The rest of the program works through several more of the greats of British science fiction, with welcome discussion of the work of Arthur C Clarke, with Clarke himself providing much in the way of comment. Of course pride of place is given to his magnum opus 2001 A Space Odyssey, but it is nice to see his less well-known (though I think equally good) Childhood’s End acknowledged as the prototype for that archetypal science fiction vision; as giant spacecraft hover over our cities in mute testimony to their overwhelming technological superiority. It is an idea since revisited many times on television and film, most notably in the excellent mini series V and of course, Independence Day, which (though not mentioned in the program) was of course an unacknowledged remake of The War Of The Worlds.
This first episode is an excellent series opener, full of detail and respect for the genre and I think one of the few times it has been treated with anything approaching the respect it deserves. The program does however end on a sad note, with a visibly upset Clarke lamenting the failure of science to emulate the great ideas of science fiction, notably in the lost promise of the Apollo moon program. Alas, as will be covered by the second program in the series, science fiction, and British science fiction in particular, has had far more predictive success with matters of an unsettling and depressing nature.
Martians And Us, From Apes to Aliens can be seen on BBC4 on Monday 13 November 2006 9pm-10pm; rpt Wednesday 15 November midnight-1am; rpt Sunday 19 November 12.50am-1.50am (Saturday night)
Starting this coming Monday (November 13th) on BBC 4 is a fasinating new season exploring the history of British science fiction. There promises to be a wide ranging selection of programming, including original documentaries and plenty of classic BBC science fiction. Highlights for readers of this site will be two documentaries. The three part The Martians And Us is the centrepiece of the season, the first part of which will be looking at how HG Wells captured man's fascination with evolution to father a new form of fiction. HG Wells And Me is a more general look at his life and work. There is also a welcome repeat for the excellent drama HG Wells: War With The World, which adapts his own autobiography. Plenty more details and clips at the Science Fiction Britannia website.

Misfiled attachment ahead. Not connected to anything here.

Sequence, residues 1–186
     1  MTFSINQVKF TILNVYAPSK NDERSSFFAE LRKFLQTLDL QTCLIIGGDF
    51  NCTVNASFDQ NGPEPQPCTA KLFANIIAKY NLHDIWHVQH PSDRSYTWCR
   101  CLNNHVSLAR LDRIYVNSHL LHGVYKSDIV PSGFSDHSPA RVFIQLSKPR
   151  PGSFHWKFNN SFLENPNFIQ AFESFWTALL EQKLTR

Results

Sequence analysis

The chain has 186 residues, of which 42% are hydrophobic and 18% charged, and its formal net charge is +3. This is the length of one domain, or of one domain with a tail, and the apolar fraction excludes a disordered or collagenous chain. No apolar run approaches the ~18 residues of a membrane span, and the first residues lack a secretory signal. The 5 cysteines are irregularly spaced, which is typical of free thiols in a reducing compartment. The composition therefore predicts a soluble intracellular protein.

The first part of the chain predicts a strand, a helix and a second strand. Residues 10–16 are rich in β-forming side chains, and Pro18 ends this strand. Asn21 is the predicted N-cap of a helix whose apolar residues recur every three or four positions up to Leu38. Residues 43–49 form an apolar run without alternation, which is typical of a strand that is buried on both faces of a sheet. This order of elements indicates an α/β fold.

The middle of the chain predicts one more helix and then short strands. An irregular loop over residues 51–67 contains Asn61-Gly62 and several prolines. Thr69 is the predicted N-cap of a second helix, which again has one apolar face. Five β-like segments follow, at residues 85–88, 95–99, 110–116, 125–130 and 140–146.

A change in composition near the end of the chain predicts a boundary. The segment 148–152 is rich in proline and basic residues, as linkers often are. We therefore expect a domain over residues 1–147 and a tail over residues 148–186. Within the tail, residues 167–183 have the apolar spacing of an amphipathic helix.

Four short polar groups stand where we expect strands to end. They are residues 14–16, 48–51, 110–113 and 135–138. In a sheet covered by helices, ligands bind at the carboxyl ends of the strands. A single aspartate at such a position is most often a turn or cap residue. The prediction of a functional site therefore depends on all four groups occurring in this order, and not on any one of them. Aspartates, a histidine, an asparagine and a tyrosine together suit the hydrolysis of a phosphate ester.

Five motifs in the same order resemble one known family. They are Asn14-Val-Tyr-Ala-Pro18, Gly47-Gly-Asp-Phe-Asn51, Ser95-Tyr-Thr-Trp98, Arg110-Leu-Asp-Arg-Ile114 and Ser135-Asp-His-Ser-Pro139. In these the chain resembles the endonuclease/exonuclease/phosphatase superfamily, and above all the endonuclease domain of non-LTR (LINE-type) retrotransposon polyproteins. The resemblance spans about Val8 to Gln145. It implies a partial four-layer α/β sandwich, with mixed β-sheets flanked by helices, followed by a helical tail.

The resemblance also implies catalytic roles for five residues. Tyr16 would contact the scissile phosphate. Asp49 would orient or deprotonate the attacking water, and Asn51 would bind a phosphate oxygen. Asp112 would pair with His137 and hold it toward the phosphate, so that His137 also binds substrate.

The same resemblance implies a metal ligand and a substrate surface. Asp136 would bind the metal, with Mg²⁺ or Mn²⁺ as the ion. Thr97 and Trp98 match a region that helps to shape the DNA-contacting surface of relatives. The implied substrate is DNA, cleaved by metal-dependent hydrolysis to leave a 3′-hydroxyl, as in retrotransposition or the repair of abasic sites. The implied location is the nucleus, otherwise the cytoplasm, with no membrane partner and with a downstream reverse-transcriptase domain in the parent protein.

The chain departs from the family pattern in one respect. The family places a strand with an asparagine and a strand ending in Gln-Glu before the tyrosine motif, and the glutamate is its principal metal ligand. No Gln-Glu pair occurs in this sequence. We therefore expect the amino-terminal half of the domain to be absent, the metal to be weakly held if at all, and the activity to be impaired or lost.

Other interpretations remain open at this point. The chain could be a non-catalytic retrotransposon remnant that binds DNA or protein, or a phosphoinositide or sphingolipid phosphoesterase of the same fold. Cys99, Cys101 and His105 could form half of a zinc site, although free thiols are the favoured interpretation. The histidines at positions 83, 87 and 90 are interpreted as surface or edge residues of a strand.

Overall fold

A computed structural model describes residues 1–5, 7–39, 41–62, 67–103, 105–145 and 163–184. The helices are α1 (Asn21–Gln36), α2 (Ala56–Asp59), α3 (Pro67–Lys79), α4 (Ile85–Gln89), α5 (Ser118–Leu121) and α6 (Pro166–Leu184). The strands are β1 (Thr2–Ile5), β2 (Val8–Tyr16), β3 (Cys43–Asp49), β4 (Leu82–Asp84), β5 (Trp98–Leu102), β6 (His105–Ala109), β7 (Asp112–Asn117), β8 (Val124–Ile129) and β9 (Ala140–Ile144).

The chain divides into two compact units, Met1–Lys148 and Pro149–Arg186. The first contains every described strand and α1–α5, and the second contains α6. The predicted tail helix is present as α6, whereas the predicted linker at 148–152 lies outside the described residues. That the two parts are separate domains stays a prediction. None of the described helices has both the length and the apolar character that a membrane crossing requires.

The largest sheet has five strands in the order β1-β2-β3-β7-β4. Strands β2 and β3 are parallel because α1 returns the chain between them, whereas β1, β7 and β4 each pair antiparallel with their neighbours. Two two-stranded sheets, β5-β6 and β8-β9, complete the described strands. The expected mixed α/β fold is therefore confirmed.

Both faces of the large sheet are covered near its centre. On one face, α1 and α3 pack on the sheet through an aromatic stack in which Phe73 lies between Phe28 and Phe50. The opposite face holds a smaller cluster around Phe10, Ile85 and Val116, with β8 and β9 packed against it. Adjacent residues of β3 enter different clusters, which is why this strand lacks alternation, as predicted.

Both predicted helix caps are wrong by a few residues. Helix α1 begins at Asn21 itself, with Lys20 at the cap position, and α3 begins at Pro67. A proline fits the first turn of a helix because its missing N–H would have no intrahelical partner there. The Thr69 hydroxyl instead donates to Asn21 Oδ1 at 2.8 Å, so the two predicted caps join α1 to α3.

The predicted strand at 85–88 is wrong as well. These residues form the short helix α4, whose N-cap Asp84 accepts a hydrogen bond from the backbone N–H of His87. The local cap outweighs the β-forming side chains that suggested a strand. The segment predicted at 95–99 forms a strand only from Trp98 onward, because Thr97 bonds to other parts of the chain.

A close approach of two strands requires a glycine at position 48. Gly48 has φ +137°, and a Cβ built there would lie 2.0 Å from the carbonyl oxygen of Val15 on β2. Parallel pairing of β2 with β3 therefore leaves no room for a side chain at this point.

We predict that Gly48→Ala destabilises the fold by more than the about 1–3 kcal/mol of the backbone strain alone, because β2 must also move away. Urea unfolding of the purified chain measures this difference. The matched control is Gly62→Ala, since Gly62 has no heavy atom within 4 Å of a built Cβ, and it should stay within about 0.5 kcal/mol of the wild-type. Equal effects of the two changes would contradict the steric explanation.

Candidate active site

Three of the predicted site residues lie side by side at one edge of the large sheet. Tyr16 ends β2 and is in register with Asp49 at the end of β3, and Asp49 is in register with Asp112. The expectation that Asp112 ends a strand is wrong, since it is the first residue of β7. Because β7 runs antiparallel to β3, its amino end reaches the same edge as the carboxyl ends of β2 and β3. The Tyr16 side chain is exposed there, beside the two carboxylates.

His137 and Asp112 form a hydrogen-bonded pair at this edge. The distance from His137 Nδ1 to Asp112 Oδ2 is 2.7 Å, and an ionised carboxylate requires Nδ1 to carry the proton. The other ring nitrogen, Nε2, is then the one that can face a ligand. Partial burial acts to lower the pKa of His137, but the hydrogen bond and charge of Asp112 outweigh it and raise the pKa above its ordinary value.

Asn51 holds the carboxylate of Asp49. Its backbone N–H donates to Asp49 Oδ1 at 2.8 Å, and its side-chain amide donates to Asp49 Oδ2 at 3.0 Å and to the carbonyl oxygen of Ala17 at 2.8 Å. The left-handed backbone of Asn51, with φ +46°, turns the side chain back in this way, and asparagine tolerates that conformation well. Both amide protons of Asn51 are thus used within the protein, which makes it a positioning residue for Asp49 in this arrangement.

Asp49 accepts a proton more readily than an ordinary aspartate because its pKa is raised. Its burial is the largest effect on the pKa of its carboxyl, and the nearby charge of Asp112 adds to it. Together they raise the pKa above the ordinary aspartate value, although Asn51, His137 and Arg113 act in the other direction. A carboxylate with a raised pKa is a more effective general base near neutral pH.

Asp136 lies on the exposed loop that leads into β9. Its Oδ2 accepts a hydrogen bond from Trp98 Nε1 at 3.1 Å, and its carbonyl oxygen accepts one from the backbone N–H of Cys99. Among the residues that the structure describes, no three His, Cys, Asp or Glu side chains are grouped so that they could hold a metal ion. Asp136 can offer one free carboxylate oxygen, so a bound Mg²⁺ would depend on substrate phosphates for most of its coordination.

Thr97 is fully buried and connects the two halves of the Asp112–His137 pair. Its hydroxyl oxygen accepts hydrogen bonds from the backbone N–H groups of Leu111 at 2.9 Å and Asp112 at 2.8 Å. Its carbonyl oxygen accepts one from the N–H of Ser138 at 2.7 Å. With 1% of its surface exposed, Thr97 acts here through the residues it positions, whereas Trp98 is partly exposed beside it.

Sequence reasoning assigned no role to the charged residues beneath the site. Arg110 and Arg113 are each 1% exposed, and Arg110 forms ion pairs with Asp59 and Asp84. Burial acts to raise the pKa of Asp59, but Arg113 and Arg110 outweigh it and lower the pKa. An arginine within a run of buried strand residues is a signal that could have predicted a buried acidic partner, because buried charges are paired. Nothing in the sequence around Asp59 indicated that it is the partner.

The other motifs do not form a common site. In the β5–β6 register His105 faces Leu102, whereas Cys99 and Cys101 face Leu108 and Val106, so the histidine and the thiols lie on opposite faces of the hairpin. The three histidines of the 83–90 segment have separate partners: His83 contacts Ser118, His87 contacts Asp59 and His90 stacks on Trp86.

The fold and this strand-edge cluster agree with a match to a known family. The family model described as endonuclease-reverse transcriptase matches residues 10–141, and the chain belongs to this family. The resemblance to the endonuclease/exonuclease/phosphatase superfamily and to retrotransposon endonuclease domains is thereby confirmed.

The Orson Welles War Of The Worlds broadcast is going to Mars aboard the Phoenix spacecraft, due for landing in May 2007. A special DVD will contain the broadcast as well as a fantastic collection of material spanning centuries of human thought about the red planet. Works by top science fiction authors such as Ray Bradbury (The Martian Chronicles) and Issac Asimov (I'm in Marsport Without Hilda) will be included on the DVD, as well as fantasy images of Mars. Not only this, but you too can have your name encoded on the disc, which may well be found by far future explorers (human, or otherwise.) It's a great idea, and the full list of material which can be found on the Planetary Society website (who are sponsoring the endeavour) reads like a veritable who’s who of science fiction, but includes some less well known material. I particularly love that H Beam Piper's superb Omnilingual is included, surely one of the best stories ever written about Mars.
I suspect Orson Welles would have been thoroughly amused to know his broadcast would one day make the trip to Mars, but what would H.G. Wells have made of the idea? I think he would have been a little bemused but rather pleased. In my opinion, it is no exaggeration to say that if not for the fascination Wells created in fictional mars-scapes, mission likes Phoenix would simply not be happening, so you can say that things have finally come full circle. That Wells' War Of The Worlds (though perplexingly, only an excerpt of the text) is to rest on Mars, is a truly inspiring thought.